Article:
Decreased early mortality associated with the treatment of acute myeloid leukemia at National Cancer Institute-designated cancer centers in California

Gwendolyn Ho, Theodore Wun, Lori Muffly, Qian Li, Ann Brunson, Aaron Rosenberg, Brian Jonas, Theresa H Keegan

Research output: Contribution to journalArticle

6 Scopus citations

Abstract

BACKGROUND: To the authors' knowledge, few population-based studies to date have evaluated the association between location of care, complications with induction therapy, and early mortality in patients with acute myeloid leukemia (AML). METHODS: Using linked data from the California Cancer Registry and Patient Discharge Dataset (1999-2014), the authors identified adult (aged ≥18 years) patients with AML who received inpatient treatment within 30 days of diagnosis. A propensity score was created for treatment at a National Cancer Institute-designated cancer center (NCI-CC). Inverse probability-weighted, multivariable logistic regression models were used to determine associations between location of care, complications, and early mortality (death ≤60 days from diagnosis). RESULTS: Of the 7007 patients with AML, 1762 (25%) were treated at an NCI-CC. Patients with AML who were treated at NCI-CCs were more likely to be aged ≤65 years, live in higher socioeconomic status neighborhoods, have fewer comorbidities, and have public health insurance. Patients treated at NCI-CCs had higher rates of renal failure (23% vs 20%; P = .010) and lower rates of respiratory failure (11% vs 14%; P = .003) and cardiac arrest (1% vs 2%; P = .014). After adjustment for baseline characteristics, treatment at an NCI-CC was associated with lower early mortality (odds ratio, 0.46; 95% confidence interval, 0.38-0.57). The impact of complications on early mortality did not differ by location of care except for higher early mortality noted among patients with respiratory failure treated at non-NCI-CCs. CONCLUSIONS: The initial treatment of adult patients with AML at NCI-CCs is associated with a 53% reduction in the odds of early mortality compared with treatment at non-NCI-CCs. Lower early mortality may result from differences in hospital or provider experience and supportive care.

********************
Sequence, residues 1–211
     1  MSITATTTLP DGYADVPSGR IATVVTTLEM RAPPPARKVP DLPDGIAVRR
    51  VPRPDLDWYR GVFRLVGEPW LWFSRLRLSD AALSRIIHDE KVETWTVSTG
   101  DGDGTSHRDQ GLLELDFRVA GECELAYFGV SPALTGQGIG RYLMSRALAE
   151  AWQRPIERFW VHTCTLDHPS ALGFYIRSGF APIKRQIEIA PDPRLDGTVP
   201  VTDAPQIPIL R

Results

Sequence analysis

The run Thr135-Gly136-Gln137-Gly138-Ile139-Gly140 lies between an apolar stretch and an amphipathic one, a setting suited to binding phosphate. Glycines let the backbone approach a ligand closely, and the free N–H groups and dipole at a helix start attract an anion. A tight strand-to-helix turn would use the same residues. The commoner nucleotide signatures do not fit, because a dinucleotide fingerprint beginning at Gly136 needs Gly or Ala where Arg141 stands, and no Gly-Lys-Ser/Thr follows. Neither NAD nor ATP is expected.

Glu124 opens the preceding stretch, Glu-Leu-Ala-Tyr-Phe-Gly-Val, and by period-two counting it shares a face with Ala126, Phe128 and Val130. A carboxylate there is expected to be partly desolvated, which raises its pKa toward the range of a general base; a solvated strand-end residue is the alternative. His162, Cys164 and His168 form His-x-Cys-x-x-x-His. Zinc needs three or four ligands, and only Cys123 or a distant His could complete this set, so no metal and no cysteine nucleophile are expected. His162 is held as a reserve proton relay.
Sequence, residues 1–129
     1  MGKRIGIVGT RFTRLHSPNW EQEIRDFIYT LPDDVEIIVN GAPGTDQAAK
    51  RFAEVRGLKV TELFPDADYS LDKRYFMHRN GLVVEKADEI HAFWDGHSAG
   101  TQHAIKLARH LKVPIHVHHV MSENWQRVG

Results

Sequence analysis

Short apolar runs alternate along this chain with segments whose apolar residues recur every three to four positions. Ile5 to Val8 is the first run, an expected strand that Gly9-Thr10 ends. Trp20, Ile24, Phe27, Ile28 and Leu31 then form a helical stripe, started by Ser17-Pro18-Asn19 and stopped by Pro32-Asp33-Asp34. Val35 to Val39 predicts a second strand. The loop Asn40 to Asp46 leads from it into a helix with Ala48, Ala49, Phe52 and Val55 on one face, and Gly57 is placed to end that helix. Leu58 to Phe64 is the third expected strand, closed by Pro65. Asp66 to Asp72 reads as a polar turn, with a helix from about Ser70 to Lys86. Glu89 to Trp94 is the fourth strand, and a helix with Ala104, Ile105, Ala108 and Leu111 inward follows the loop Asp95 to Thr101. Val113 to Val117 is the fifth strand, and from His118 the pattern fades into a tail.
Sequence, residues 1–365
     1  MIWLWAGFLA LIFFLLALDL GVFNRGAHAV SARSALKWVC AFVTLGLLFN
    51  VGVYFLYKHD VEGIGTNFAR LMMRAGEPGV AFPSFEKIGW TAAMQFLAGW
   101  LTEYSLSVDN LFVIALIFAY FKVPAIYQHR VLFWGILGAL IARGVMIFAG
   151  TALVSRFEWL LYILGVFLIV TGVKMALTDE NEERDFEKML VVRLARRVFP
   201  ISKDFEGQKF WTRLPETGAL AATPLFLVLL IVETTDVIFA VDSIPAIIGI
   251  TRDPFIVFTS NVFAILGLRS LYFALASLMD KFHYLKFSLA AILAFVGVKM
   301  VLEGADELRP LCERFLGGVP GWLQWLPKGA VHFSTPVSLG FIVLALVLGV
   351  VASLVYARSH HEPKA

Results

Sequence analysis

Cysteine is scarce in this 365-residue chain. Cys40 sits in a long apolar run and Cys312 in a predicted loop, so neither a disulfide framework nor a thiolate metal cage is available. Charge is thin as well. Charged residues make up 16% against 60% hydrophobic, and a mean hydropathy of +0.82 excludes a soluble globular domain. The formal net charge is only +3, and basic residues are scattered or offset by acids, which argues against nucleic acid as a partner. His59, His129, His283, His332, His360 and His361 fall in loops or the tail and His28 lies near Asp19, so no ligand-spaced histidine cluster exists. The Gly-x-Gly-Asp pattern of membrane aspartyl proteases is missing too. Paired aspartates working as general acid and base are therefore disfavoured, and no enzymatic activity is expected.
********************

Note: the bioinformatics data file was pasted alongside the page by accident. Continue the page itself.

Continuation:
Original languageEnglish (US)
JournalCancer
DOIs
StateAccepted/In press - Jan 1 2018

Keywords

  • Acute myeloid leukemia (AML)
  • Complications
  • Early mortality
  • Epidemiology
  • Health services
  • Location of care

ASJC Scopus subject areas

  • Oncology
  • Cancer Research

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